Claire Gillis & Ernest StefansonThe Northern Lights Film Series highlights films with an emphasis on Iceland and other circumpolar nations including Sweden, Norway, Denmark, Finland, Russia, Greenland and Canada’s North!
Generously sponsored by Claire Gillis & Ernest Stefanson.




A White, White DayA White, White Day
dir. Hylnur Palmason
2019 | Iceland /Denmark / Sweden | 109 min.

In a remote Icelandic town, an off-duty police chief (a chilling Ingvar Sigurdsson, who received Cannes’ Critics’ Week award for Best Actor for his performance) begins to suspect a local man of having had an affair with his late wife, who died in a tragic accident two years earlier. Gradually his obsession for finding out the truth takes over his life and inevitably begins to endanger himself and his loved ones. Combining classic thriller tropes with a distinctly Nordic arthouse sensibility, the second feature from Hlynur Palmason “engages in storytelling that’s both powerful and fresh throughout, marking him as a talent to watch” (The Hollywood Reporter)


County, The (Héraðið)The County
dir. Grímur Hákonarson
2019 | Iceland  / Denmark / Germany / France | 92

The new film from Grímur Hákonarson, director of Rams. Set in a small Icelandic farming community, THE COUNTY tells the story of Inga, a middle-aged dairy farmer who rebels against the all powerful local Cooperative. Inga tries to get other farmers to join her in rising up against the Co-op’s corruption, but encounters great resistance, forcing her to confront the community’s dependence and loyalty to this single, dominant enterprise. Inga must use her resourcefulness and cunning to break free of the Co-op’s grasp and finally live life on her own terms.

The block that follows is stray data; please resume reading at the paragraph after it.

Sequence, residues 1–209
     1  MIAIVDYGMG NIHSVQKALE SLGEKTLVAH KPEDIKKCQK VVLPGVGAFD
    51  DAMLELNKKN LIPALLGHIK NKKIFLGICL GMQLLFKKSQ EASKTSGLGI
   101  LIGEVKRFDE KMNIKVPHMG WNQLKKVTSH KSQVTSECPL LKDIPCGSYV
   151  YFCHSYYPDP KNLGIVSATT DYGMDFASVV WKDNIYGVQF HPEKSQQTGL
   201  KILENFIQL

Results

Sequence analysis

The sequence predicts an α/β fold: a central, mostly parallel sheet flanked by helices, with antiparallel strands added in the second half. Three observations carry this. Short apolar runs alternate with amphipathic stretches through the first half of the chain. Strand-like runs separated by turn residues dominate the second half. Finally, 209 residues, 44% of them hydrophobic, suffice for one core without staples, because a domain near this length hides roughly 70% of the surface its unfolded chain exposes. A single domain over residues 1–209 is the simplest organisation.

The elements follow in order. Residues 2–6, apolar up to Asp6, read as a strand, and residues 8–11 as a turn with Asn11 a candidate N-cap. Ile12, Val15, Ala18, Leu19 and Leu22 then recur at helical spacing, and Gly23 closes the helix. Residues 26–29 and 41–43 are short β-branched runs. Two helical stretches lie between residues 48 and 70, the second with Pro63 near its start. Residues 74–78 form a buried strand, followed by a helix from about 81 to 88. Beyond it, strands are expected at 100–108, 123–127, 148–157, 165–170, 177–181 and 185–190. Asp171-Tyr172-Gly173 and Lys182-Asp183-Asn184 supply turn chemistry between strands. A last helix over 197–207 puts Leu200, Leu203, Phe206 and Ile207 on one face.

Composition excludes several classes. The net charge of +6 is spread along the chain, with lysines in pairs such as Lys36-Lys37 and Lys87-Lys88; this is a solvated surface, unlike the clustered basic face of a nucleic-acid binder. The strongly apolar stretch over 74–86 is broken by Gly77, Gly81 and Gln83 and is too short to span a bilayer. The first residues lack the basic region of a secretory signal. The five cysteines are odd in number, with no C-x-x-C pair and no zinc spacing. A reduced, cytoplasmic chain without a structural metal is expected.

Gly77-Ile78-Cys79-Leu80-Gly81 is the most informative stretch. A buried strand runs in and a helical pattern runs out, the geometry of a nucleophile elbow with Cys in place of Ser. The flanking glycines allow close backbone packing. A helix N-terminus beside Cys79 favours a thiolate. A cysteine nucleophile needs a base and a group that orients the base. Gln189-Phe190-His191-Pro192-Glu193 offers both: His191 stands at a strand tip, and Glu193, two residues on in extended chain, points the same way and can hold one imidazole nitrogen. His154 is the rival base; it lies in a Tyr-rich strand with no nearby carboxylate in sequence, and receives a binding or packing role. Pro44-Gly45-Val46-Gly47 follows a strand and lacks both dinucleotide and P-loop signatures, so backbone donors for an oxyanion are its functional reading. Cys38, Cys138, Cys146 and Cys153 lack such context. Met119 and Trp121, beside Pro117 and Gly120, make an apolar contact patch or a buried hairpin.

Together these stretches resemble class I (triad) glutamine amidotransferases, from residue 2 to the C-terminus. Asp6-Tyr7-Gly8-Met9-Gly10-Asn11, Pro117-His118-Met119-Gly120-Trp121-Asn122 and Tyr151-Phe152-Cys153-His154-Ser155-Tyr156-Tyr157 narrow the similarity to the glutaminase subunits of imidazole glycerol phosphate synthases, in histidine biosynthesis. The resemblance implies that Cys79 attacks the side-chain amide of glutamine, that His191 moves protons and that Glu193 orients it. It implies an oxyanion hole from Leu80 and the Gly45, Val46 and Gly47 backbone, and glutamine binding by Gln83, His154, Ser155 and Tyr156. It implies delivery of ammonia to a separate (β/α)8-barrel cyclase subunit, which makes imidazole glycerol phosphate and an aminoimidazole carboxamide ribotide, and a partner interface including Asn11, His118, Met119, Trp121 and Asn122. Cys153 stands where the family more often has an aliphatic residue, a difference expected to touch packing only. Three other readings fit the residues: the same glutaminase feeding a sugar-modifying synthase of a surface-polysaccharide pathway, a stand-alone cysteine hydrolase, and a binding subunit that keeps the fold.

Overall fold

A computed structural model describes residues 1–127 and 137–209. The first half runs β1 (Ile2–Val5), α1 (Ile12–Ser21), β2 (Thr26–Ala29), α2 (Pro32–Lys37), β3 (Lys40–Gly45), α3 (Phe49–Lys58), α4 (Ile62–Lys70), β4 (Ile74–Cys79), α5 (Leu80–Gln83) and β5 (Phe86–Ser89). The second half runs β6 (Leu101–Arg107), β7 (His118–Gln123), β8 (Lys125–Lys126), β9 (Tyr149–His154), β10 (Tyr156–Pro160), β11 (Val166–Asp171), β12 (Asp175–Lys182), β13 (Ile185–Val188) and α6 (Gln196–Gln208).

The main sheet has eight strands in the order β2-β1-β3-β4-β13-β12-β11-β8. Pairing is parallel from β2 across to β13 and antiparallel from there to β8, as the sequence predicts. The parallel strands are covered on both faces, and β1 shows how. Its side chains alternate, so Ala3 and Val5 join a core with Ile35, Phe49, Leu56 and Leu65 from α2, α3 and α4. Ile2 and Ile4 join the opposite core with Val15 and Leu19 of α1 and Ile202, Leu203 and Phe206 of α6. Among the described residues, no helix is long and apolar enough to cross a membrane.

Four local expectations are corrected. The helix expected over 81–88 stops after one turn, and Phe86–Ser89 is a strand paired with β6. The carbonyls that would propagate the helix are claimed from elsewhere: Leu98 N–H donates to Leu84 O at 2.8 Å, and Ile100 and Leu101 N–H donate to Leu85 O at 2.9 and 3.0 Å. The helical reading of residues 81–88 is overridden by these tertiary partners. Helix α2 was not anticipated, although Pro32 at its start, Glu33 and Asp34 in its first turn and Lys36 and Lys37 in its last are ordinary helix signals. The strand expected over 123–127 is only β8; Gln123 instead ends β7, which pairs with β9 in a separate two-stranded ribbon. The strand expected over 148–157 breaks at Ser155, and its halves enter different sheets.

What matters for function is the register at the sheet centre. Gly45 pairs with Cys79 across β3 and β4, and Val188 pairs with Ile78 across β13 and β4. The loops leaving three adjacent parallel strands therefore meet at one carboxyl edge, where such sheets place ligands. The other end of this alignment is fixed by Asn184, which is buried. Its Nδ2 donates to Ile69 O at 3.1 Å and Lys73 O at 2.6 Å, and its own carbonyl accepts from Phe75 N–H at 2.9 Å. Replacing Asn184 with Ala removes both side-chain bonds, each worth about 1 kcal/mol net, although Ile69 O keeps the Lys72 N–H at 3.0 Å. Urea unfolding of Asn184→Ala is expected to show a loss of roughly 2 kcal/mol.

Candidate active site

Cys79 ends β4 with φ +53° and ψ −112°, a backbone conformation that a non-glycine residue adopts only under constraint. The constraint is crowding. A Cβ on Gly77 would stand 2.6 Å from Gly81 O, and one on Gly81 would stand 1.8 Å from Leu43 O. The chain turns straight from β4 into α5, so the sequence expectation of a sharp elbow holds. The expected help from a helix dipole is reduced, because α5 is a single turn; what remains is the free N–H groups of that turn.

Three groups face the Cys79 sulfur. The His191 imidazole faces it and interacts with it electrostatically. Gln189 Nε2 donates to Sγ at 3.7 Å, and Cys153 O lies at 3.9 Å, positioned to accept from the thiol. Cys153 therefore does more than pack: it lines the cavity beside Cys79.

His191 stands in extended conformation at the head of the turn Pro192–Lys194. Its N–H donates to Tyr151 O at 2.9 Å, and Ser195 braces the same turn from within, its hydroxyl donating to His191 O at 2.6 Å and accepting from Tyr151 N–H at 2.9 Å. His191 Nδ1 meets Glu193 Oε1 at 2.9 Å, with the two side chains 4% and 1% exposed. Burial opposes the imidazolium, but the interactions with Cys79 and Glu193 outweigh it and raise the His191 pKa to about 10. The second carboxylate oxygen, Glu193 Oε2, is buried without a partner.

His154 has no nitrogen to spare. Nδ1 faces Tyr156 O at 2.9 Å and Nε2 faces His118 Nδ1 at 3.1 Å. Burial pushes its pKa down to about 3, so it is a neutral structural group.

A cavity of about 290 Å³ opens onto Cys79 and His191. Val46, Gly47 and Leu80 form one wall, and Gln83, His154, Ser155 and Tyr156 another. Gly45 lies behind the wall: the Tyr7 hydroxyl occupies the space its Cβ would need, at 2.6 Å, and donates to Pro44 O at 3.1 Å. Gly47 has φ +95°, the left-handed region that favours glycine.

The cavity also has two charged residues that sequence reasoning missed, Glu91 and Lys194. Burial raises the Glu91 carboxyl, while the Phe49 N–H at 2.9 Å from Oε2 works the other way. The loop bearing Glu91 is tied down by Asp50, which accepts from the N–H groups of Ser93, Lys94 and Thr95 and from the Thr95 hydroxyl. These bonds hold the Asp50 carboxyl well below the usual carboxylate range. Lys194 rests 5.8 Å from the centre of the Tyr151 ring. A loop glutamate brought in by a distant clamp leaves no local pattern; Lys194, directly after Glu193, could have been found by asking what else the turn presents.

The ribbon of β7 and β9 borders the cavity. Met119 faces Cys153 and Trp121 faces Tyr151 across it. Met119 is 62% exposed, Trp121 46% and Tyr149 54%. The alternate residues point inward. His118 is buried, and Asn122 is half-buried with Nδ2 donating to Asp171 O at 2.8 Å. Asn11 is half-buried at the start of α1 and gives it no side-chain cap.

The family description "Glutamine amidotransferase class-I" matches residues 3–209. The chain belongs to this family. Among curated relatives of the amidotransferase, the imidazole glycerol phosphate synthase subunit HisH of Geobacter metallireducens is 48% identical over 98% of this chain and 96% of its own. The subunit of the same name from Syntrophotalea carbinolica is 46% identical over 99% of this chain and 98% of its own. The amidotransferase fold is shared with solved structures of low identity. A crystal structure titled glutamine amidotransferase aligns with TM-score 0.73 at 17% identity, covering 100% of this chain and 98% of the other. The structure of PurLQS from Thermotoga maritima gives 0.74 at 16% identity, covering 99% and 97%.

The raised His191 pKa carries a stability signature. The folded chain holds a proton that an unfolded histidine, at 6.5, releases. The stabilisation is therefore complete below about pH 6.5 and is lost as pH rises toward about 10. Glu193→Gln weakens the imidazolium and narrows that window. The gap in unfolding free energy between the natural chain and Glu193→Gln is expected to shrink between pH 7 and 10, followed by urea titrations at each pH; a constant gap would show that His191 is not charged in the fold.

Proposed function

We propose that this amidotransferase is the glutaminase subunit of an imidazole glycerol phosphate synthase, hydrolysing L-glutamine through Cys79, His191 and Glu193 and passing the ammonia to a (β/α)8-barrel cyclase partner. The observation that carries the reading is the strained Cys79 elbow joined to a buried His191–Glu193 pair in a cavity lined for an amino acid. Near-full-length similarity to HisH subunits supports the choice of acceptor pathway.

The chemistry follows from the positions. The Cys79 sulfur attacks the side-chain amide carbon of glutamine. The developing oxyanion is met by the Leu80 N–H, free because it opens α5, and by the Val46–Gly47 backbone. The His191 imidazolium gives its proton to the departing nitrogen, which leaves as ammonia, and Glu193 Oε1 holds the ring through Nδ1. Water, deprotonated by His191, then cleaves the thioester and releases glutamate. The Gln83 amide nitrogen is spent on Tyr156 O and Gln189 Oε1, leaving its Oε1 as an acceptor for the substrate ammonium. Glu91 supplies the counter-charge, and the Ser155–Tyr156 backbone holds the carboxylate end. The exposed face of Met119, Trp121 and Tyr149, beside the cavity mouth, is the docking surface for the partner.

dir. Runar Runarsson
2019 | Iceland / France / Switzerland | 79

Iceland, Christmas time. As everyone prepares for the holidays, a peculiar atmosphere falls upon the country revealing emotions of both excitement and concern. In the middle of the countryside, an abandoned farm is burning. In a school, a children’s choir is singing Christmas carols. In a slaughterhouse, chickens are parading along a rail. In a museum, a mother is arguing with her ex-husband on the phone. In a living room, a young girl is making her grandmother try on her new virtual reality headset – Through 56 scenes, Echo draws a portrait, both biting and tender, of modern society.

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Last Autumn, The (Síðasta haustið)
dir. Yrsa Roca Fannberg
2020 | Iceland | 78

In a remote part of Iceland, a long line of farmers has kept an ancient sheepherding tradition alive for centuries—year after year, season after season, in one of the most desolate parts of the world, framed by inhospitable terrain and the imposing presence of the Arctic Ocean. However, the world has evolved and the natural bounties and rituals are starting to give way to a more streamlined industrial complex. Farmer Úlfar has one final season left and must accept that his traditional way of life is coming to an end. Through stunning visuals and sombre nostalgia, The Last Autumn captures a beautiful place and time that, even as it fades, will linger in the cold air for centuries longer. – Hot Docs 2020